US green energy policies 'to hit Gulf oil exporters'
Abu Dhabi, March 3, 2010
The new 'Green energy' policies under study in the US and China calling for more usage of electric cars and renewable energy is likely to deal a big blow to the UAE and other Gulf exporters, said a new report, citing an US think tank.
The proposed policies in the world’s biggest oil-consuming countries leave the Gulf exporters in a difficult position as they weigh investments of billions of dollars in new oilfields and export terminals, the National reported.
'The Green energy policies that target carbon emissions by shifting energy sources away from oil and other fossil fuels are some of the most important variables in the oil markets, the report said, citing Amy Myers, energy expert at Rice University’s James A Baker III Institute for Public Policy in Texas, which is set to publish a study on the topic this year.
'In the US, the effects of policies to raise fuel efficiency and encourage electric cars and renewable energy could range from having barely any impact, to reducing consumption by as much as 7 or 8 million barrels per day (bpd) after 2020, Myers pointed out.
'That is equal to as much as 40 per cent of daily US consumption today,' she said.
'If the US, the world’s largest oil consumer, could eliminate 6 to 7 million bpd through policy, that would wipe out whatever gain you could imagine from China,' she quipped.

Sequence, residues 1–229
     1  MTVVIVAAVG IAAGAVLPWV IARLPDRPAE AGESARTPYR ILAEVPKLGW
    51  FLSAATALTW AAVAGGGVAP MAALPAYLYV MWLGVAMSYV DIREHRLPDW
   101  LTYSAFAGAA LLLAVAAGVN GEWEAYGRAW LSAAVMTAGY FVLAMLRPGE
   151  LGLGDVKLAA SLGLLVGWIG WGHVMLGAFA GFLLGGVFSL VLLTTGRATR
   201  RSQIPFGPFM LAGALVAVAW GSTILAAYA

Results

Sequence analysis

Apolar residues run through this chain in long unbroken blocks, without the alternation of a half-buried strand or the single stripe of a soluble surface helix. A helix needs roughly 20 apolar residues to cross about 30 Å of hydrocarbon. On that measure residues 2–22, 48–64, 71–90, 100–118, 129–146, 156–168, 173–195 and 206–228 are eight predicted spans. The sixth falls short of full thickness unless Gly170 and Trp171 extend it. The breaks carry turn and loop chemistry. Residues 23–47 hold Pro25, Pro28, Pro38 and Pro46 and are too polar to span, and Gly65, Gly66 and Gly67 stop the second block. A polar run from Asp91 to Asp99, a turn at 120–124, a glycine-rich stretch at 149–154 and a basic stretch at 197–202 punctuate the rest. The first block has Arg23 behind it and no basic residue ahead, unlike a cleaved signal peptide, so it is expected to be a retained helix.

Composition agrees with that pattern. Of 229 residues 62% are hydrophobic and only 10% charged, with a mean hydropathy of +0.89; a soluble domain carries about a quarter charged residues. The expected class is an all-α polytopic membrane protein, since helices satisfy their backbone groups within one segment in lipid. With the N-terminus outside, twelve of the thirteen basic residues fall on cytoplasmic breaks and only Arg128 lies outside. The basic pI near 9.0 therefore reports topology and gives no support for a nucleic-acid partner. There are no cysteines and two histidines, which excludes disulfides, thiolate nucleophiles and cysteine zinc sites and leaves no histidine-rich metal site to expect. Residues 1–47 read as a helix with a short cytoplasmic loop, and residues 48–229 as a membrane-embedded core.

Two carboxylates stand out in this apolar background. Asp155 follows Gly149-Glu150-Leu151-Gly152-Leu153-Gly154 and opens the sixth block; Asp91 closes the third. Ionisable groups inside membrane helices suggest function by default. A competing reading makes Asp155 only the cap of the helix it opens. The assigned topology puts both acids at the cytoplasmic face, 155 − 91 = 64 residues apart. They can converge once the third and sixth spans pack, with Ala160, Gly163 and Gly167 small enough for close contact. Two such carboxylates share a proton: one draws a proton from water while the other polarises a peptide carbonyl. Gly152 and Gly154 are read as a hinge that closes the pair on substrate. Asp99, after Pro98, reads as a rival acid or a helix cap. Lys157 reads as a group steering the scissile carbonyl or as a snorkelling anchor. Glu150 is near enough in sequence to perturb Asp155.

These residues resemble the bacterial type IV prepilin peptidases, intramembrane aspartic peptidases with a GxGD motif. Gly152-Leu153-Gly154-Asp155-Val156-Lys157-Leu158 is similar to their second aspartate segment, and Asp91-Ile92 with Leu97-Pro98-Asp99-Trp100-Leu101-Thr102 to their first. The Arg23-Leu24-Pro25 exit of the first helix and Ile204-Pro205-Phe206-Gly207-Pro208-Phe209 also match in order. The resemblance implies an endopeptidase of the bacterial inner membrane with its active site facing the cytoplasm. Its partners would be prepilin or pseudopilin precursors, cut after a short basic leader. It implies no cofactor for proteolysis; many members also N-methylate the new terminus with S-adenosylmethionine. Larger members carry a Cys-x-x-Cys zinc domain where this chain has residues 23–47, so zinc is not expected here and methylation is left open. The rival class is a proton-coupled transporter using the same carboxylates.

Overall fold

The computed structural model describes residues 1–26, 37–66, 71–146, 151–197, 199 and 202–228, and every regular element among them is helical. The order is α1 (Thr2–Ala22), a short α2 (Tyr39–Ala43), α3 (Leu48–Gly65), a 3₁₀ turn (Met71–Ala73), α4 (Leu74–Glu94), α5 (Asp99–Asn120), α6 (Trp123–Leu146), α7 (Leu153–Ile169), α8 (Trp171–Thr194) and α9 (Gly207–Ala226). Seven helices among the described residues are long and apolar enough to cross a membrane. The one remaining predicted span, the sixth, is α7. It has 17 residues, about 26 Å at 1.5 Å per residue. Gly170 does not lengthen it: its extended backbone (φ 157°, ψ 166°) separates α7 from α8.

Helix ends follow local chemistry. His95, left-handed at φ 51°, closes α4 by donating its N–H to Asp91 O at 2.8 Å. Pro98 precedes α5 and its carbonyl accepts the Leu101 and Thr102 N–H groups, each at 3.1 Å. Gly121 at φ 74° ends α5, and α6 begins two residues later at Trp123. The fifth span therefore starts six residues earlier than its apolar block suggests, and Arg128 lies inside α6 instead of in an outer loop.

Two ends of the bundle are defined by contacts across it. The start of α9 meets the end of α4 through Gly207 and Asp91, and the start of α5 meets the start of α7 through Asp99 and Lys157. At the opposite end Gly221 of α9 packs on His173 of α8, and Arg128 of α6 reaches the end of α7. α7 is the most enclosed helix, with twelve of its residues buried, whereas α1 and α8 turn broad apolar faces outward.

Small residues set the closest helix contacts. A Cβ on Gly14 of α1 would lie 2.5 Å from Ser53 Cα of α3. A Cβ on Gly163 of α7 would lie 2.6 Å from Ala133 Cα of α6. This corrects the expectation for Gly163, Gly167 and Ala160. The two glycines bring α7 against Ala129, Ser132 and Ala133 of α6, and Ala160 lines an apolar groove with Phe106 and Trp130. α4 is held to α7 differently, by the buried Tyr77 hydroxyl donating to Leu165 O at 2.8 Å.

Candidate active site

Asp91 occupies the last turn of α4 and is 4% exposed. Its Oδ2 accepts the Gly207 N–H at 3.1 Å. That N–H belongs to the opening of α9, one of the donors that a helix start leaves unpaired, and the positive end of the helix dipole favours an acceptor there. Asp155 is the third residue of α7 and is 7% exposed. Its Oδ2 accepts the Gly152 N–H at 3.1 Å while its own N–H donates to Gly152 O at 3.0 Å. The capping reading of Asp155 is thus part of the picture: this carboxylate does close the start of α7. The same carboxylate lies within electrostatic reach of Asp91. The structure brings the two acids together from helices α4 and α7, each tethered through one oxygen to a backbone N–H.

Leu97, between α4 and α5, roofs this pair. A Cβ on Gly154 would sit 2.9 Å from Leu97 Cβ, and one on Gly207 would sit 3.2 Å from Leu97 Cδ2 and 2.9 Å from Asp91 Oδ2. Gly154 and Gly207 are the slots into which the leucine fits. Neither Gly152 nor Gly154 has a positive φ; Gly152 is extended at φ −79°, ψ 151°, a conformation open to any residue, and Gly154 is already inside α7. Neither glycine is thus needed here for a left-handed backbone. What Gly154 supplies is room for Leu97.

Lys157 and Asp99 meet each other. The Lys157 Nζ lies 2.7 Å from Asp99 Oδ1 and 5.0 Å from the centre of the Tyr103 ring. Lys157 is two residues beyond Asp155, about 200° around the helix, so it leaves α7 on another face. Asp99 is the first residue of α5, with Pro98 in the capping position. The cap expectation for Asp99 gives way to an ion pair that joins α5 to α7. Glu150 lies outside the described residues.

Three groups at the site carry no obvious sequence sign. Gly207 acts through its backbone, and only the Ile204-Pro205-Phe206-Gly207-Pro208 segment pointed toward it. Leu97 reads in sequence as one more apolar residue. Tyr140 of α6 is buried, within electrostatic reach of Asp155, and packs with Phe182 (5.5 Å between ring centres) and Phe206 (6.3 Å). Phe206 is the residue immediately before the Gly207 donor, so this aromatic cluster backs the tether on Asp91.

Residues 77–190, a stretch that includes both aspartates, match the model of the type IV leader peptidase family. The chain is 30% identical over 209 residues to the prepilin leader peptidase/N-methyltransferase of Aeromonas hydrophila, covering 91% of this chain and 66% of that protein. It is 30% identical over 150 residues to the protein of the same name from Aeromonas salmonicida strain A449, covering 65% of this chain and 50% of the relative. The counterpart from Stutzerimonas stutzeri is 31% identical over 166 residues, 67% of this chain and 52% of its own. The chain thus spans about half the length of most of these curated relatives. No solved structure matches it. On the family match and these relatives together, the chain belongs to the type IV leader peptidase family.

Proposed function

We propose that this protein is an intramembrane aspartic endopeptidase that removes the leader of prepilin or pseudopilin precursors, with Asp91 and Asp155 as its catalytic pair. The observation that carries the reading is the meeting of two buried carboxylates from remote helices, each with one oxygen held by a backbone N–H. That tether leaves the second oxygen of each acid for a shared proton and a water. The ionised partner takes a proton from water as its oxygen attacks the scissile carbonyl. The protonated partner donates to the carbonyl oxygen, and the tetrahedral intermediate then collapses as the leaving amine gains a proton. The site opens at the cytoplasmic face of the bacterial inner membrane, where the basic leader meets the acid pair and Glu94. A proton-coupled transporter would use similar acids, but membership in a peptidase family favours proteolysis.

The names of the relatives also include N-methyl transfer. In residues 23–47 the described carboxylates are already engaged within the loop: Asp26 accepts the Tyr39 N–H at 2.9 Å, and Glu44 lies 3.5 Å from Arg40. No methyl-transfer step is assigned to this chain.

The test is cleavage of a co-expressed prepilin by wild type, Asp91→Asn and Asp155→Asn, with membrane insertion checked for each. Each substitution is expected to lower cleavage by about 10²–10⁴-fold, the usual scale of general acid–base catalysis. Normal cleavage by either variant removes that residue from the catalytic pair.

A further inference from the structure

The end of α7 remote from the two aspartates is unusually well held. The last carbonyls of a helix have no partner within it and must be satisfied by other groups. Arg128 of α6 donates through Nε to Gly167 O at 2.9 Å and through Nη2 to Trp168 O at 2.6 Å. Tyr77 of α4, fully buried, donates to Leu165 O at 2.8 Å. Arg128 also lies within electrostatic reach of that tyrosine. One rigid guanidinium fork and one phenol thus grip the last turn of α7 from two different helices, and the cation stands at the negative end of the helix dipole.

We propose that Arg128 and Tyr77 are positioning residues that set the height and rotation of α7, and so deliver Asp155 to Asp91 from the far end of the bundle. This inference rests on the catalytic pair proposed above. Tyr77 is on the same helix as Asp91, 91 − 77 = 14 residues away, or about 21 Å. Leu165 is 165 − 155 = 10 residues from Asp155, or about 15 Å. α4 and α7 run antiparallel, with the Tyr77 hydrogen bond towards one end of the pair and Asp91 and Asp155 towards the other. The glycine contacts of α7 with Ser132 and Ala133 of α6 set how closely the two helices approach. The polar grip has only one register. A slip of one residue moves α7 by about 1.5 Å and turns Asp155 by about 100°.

Myers pointed out that China was likely to improve the efficiency of its oil use faster than experts had predicted.
If China implemented the types of energy efficiency improvements that western countries introduced during the 1970s oil crises, she said, the country’s use of oil in the next two decades could be millions of barrels per day lower than forecast.
Meanwhile, the UAE Energy Minister Mohammed Al Hamli said the global policies, if fully implemented, were likely to have “far-reaching consequences for global energy markets.”
World oil markets are now balanced between the needs of energy consuming and producing countries, with prices at between $70 and $80 a barrel, but prices are being sustained at that level by the perception that producers will need to tap hard to reach fields that cost a lot to drill, Al Hamli was quoted as saying in The National.
“The apparent mismatch between oil price and short-term market fundamentals is an illusion,” he added.
He pointed out that the Middle East oil producers were themselves playing a significant role in the growth of global oil consumption, forcing the region’s governments to divert part of their output from exports to meet domestic energy needs.
A significant portion of the growth in consumption in producing countries is due to subsidies, he added.
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